Date of Conferral
Doctor of Nursing Practice (DNP)
Dr. Deborah Lewis
Yearly influenza (flu) immunization rates for hospital healthcare workers (HCW) continue to be lower than those suggested by the Centers for Disease Control and the World Health Organization. Vaccination is considered a valuable step in the process to protect patients against influenza infection. The goal of Healthy People 2020, and most hospital administrators, is that 90% of HCWs are being immunized. The objectives for this systematic literature review were to identify best practice recommendations for improving the vaccine rate among HCWs. The Cochrane methodology framed this systematic review, and Fineout-Overholt's and Melnyk's levels of evidence were used to evaluate the reliability of information and effectiveness of their interventions. Twenty articles that met the inclusion criteria (HCWs with direct patient contact, published between 2009-2016, and written in English) were reviewed. Eight articles met Melnyk's criteria for evidence Levels 5 to 7, 8 articles met the criteria for Levels 3 to 4, 2 articles were Level 2, and 2 articles were systematic reviews of randomized controlled trials (Level 1). The major influences for accepting the flu vaccine was for self-protection; the leading deterrent for receiving the flu vaccine was unbelief and questions about effectiveness. Best practice strategies to increase vaccination rates among HCWs include understanding cultural beliefs, practices, and diversities. Involvement of leadership will direct changes through future policy development. The impact of a progressive flu vaccine campaign can effectively promote social change when health care workers' concerns are addressed and vaccination rates improve. Together, quality of care for patients may also improve.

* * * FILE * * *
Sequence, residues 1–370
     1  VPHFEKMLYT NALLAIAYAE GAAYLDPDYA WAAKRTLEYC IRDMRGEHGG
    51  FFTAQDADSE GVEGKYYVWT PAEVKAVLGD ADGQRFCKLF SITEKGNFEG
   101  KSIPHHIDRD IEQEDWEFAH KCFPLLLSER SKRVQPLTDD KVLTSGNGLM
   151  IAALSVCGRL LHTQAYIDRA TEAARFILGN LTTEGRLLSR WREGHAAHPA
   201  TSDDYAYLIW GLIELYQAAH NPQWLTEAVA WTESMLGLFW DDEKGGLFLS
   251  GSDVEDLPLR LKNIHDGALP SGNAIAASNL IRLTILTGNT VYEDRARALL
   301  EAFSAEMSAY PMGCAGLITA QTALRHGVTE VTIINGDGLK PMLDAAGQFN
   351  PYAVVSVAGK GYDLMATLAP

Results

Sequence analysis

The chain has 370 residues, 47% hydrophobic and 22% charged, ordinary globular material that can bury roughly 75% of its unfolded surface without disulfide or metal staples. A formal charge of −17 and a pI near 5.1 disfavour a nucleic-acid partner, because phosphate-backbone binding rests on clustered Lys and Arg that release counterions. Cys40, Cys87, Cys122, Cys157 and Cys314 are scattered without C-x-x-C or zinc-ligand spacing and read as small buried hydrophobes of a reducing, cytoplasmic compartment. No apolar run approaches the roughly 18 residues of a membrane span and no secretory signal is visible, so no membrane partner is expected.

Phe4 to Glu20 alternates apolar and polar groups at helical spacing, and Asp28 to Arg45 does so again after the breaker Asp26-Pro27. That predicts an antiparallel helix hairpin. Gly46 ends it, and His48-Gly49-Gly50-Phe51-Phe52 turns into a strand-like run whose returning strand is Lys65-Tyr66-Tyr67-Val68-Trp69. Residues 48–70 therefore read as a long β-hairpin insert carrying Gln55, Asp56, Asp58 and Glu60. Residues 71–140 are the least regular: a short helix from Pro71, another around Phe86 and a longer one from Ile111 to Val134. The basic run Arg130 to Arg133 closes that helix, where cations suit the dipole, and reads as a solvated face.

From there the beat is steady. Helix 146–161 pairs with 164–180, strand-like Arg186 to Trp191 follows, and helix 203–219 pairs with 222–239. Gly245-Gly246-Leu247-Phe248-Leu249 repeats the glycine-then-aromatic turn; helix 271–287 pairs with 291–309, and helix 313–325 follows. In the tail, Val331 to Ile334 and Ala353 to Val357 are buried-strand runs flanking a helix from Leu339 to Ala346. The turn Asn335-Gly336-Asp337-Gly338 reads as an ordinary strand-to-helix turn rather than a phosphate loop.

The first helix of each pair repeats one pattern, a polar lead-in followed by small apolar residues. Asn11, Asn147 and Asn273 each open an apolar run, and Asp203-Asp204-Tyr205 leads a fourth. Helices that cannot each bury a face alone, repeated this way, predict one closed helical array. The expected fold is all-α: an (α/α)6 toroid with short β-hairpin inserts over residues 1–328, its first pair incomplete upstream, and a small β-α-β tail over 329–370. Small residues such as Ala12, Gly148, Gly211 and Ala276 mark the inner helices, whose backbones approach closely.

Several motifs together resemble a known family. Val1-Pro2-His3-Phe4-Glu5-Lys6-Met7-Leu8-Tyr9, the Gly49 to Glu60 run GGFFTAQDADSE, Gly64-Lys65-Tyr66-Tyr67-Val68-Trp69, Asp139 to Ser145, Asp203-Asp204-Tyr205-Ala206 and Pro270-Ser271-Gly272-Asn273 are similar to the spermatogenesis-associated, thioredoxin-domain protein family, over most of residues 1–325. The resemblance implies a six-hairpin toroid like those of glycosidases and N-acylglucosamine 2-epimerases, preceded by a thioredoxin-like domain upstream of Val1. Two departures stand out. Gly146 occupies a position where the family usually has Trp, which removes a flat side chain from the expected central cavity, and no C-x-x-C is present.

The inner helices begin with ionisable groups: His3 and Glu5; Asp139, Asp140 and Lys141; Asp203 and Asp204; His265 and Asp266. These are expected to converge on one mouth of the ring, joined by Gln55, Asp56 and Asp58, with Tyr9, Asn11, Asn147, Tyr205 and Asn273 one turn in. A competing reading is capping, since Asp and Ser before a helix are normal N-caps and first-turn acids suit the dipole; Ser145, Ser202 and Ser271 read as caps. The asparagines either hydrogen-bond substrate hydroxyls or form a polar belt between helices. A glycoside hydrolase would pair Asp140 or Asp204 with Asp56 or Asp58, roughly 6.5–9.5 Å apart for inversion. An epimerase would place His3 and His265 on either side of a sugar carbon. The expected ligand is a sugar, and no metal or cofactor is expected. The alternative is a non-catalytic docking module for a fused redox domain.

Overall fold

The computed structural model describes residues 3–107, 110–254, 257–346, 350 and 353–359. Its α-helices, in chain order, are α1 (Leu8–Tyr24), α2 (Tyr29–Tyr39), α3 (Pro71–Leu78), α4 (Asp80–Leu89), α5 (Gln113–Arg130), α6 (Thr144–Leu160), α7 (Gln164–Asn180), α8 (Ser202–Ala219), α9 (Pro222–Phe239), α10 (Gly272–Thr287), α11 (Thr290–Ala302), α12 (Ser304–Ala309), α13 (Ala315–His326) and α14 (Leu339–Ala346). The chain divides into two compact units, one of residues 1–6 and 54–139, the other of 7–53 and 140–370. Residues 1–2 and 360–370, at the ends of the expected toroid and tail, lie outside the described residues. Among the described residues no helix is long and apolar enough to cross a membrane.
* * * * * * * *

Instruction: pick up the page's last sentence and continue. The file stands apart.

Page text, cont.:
Gray, Debra, "Improving Seasonal Influenza Vaccine Uptake Among Health Care Workers" (2017). Walden Dissertations and Doctoral Studies. 3492.